Holes (part 3)

After that tearful exchange with my mom, she grabbed the phone and called my [real father's] grandparents and told them the news.  "She knows!" I remember her voice bubbling over with excitement.  
The discussion turned to what we should do.  Did I want to meet him?  Yes.  I did.  So a few weeks later, I was sitting in a house two hours away from mine.  That's it.  We lived south of a large city, they lived north of it.  
Growing up, people always told me that I looked like my mom and that my second sister looked like our dad.  Little did we know that we both looked just like our dads.  Lucky for my mom he wasn't a red-head.  At a little over six foot tall, I finally found out where my height came from.  His nose rest firmly on my face, wedged between his oversized cheeks – mine bearing a sprinkling of freckles.
It was an awkward meeting.  I don't remember much about it.  He was married, and I had two even younger sisters, bringing my total up to four now.  While I was fifteen, they were five and four, much younger than I.  
I went back for a visit at Christmas.  I don't remember what we told my sisters at the time.  I remember my gift.  It was a gold ring with a heart-shaped peridot with tiny diamond accents.  I remember it was the first piece of jewelry I ever owned that had any real diamonds.  I slept in a small spare bed, and my little sisters wanted to sleep with "Sister Kelli." So the three of us piled in this tiny bed.  I remember one of them screaming because I slipped my hand under the pillow and grabbed her foot.  I stayed the night and was supposed to stay until Christmas Eve.  But, it was confusing for me.  I had not been away from my mom, not like that.  With this new family.  It was too much for me.  He drove me back the next day.  
And that was it.  I tried to keep in touch.  My birthday is August 8th, and I remembered that one of my sisters birthdays was October 8th.  So I sent a card.  But I sent it to the wrong sister.  Oops.  I was 16 at the time.  What can you do.  I hardly knew them.  They had their own happy family, and I just wasn't really part of it.  He had never made any effort to make me a part of his life and I didn't know if I wanted to be part of their life either.  And that was the last time I saw them.

Almost four years ago, I was working in the mall (while going to college) and I was walking into the back when a woman yelled my name, "Kelli?"  I had worked at that store for three years, and I had worked at the one next door for two years before that.  If you live in my town, chances are, I have sold you some clothes.  I figured it was a customer that I didn't remember.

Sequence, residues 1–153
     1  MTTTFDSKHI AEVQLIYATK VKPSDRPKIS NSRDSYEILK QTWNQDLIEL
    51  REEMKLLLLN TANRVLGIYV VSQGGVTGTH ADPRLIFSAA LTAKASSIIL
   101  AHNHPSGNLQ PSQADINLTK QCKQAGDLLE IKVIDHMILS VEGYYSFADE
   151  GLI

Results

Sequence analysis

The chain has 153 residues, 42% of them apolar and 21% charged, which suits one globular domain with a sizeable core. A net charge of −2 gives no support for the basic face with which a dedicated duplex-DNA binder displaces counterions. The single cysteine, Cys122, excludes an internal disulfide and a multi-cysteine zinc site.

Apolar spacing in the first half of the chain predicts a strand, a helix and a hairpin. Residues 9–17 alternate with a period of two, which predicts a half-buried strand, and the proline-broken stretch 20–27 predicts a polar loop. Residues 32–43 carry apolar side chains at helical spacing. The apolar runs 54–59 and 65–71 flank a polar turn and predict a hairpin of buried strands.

"Yes?" I try to put on a face as if I recognize the woman (which I totally did not).
"Kelli. It's me, [father's name]'s wife."
I wish I could have seen my own face.  How did she know it was me?  How did she recognize me, it had been almost ten years since she had last seen me.
"Your sisters are in the fitting rooms." She says.  
So, I went over and re-met them.  As young adults.  And then I knew how it was she recognized me. 
They look just. like. me. 
Scary like me. 
Same little noses.  Same full cheeks.  
We took a photo, the three of us standing there. I still have it.  And they took one too.  I'm sure that they showed it to my father.  We exchanged addresses, but I never knew what to do with it.  And I never got anything.   I think about them often.  Mostly because I feel guilty for not reaching out and trying to have a relationship with them. 
Social media makes things easier to find people.  And I did.  I found my sisters once again, on Facebook.  But that's another painful story.


  1. How is the house coming along? Are you guys moving in soon?

    This is such a personal and moving post, they all are. Thanks for letting us read about something so important to you.

  2. Looks like we will move in end of next week. Have to wait on the Certificate of Occupancy.
    Anyone interested, I have another blog that's all house stuff:

    I'm glad to finally get this out. I guess I'm thinking that if I really talk about it, I can become OK with it.

  3. Cripes, it lost my comment.
    I agree that it would be awkward to have contacted them, especially after such a long absence. It does make you wonder when/where/how you will meet up again in the future. And, couldn't his wife have helped the children? I don't know, but thanks for sharing.